press release KVCH--Maine
From: gkvontob (gkvontobCOLBY.EDU)
Date: Wed, 3 Aug 94 10:24 CDT
Kennebec Valley CoHousing (KVCH), a non-profit housing and community
development in Readfield, Maine, has received notice that a review of its
preapplication for a 515 Rural Cooperative Housing (RCH) loan to finance 16
cooperatives homes has been completed by the Washington, D.D. office of
Farmers Home Administration (FmHA).  Upon submission of a final application
and favorable review by FmHA, the KVCH cooperative will be the first RCH
loan in the U.S. made by FmHA since the 515 program regulations were
revised in 1991, and will receive a cooperative mortgate of $1,077,278 and
16 units of Rental Assistance.  The 16 subsidized homes will be clustered
in proximity to 8 market-rate homes and a shared community building or
Common House.  The mixed-income, collaborative community of 24 homes is
planned for a 200 acre tract of land in Readfield, Maine, overlooking the
Lake Maranacook basin.
        To qualify for membership in the FmHA coop, a household must meet
FmHA income eligibility guidelines.  For instance, a family of four that
has an annual income below $33,800 would be eligible for a 3-bedroom home
costing approximately $85,000.  With a 50 year mortgage at 1% interest, the
basic monthly housing costs would amount to $569 (including taxes,
insurance, utilities, and maintenance fees) but is adjusted to be no more
than 30% of household income!  Under the regulations of the 515 program,
prior home ownership is not an obstacle to eligibility.
        These are *affordable* cooperative homes in a *mixed-income*
community.  For example, those who are not eligible for a FmHA unit have
the opprotunity to purchase a single-family or duplex cooperative home
costing approximately $80-100,000 through a residential mortgage ("share
loan") from either Peoples Heritage Bank or Key Bank of Maine.
                On July 29, KVCH closed on a $62,000 pre-development loan
from the Maine Community Loan Fund (MCLF), a private, non-profit
organization that provides below-market interest loans to non-profit
organizations and cooperatives that are developing affordable housing and
sustainable community-based enterprises.  According to Peter Dunfey, MCLF
Fund Manager, the KVCH project is a perfect example of the type of project
the Loan Fund wishes to stimulate.  By creating permanently affordable
housing and renewing the tradition of farm and forestry uses of the land,
the project will clearly contribute to the economic development of the
Kennebec Valley.
        In June 1993, KVCH was awarded an Affordable Housing Program grant
of $144,000 from the Federal Home Loan Bank of Boston.  These funds are
targeted to the land acquisition and site development costs of the 16-home
FmHA cooperative.
        The home and site design includes state-of-the-art energy
conservation techniques and, wherever financially feasible,
environmentally-friendly building materials.  All homes are sited within 15
degrees of true south for passive solar orientation.  Life-cycle
affordability is insured through superinsulation (R26 walls and R50
ceilings), air-to-air heat exchangers, and in-slab hydronic radiant heating
systems.  At least 50% of all lighting fixtures will be high-intensity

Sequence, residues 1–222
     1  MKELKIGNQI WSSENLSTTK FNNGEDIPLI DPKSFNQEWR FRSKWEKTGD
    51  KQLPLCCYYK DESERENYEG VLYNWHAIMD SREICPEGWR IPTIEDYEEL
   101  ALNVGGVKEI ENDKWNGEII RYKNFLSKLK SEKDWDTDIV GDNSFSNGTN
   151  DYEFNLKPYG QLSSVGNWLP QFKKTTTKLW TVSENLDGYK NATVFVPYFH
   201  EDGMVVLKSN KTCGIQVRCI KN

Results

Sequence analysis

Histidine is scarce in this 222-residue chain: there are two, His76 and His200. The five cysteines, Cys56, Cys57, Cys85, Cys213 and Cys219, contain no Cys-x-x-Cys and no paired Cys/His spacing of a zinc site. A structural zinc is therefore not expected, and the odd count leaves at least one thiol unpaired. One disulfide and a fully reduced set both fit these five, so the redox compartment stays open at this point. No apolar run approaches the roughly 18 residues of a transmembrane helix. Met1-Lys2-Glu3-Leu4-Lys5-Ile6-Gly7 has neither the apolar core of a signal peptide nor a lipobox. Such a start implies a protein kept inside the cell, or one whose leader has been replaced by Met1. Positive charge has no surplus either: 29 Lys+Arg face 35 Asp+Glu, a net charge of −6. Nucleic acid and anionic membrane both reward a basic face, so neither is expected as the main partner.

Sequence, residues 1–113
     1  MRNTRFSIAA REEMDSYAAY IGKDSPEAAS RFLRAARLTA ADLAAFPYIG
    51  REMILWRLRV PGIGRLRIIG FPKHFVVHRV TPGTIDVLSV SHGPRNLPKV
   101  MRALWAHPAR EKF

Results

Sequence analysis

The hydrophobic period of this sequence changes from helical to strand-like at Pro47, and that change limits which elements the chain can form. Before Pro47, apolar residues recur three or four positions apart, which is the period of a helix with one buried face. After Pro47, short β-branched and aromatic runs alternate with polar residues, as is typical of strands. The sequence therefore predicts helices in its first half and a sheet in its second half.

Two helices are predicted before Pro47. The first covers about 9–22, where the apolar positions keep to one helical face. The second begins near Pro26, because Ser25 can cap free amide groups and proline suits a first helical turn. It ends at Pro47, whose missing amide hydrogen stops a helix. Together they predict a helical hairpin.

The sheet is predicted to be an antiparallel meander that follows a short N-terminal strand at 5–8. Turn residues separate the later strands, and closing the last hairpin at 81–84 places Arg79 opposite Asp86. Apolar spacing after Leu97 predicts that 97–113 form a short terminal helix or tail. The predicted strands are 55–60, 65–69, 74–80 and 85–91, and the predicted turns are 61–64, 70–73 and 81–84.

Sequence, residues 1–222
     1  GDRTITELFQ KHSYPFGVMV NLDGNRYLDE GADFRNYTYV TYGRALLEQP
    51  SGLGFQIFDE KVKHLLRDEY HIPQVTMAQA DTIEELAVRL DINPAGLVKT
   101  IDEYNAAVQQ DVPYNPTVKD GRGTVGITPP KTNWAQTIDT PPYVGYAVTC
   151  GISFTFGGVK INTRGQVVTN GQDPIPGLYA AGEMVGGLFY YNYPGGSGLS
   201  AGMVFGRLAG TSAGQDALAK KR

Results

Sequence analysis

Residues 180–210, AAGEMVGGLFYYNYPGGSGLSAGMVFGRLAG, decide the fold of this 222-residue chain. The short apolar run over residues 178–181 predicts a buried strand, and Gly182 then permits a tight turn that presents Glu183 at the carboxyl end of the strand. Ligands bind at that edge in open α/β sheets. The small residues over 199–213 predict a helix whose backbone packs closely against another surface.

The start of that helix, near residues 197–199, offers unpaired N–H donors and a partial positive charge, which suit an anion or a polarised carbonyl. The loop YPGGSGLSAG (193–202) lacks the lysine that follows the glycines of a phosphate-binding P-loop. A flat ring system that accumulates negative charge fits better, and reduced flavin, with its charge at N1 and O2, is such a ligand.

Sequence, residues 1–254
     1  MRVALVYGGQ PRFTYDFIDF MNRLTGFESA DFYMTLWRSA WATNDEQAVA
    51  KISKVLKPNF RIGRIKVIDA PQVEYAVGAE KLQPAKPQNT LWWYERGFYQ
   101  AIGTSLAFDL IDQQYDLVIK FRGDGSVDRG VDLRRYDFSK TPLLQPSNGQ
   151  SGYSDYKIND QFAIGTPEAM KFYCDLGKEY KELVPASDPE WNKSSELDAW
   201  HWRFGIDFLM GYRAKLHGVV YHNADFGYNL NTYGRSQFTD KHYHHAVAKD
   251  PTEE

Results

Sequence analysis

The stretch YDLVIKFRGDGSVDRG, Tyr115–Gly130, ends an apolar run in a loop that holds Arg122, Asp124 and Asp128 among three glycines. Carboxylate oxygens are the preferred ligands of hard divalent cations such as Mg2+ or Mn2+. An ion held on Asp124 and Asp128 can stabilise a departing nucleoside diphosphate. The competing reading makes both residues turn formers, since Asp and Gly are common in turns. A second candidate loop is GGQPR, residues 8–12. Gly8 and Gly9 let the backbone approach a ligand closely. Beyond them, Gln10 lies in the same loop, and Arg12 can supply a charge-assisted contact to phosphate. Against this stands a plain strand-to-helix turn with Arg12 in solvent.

florescents.  Although propane is the fuel source, all systems are designed
for easy conversion to active solar as photovoltaics become cost-effective.
 Estimated ANNUAL energy consumption of a typical 950 square foot,
3-bedroom home will be $116 for heat, $165 for hot water, $36 for cooking
and $528 for electricity or $854 per year ($71 per month). 
        With more than 30 acres of fields and orchards, KVCH anticipates
supporting a working farming operation on the grounds as well as
participating in a community-supported agriculture venture.  The Kennebec
Land Trust will hold a conservation easement on nearly 90% of the property.
 The easement will insure public access for recreation, limited future
development of no more than 6 additional homes and maintenance of open
space through sustainable silvacultural and agricultural land use
practices.  Financial diversity of all homes will be insured thorugh
perpetual affordability covenants with the Maine Homestead Land Trust
Alliance.
        KVCH submitted its final application to the Readfield Planning
Board.  After Board review and approval, KVCH expects to begin in October
the construction of Maine's first CoHousing community--a model for rural
re-development and land use; a national mocdel of people working together
to concretely address the loneliness of bedroom communities through
neighborliness, cooperation, mixed-income housing, environmental
stewardship and sustainable agriculture.

Pardon my wordiness/bragging--but you folks are the ones most able to
recognize our joy to be able to send out this press release.  I tried to
edit out the purely local trivia.  We look to begin a major push on
recruitment on the heels of these milestones.  Any CSA farmers, plumbers,
musicians, foresters, etc. looking for a home in Maine, post direct to me
:).

Grace Von Tobel
Kennebec Valley CoHousing (KVCH)
Kennebec County, Maine
gkvontob [at] colby.edu
(207)547-4244 
Grace Von Tobel
Kennebec Valley CoHousing (KVCH)
Kennebec County, Maine
gkvontob [at] colby.edu
(207)547-4244

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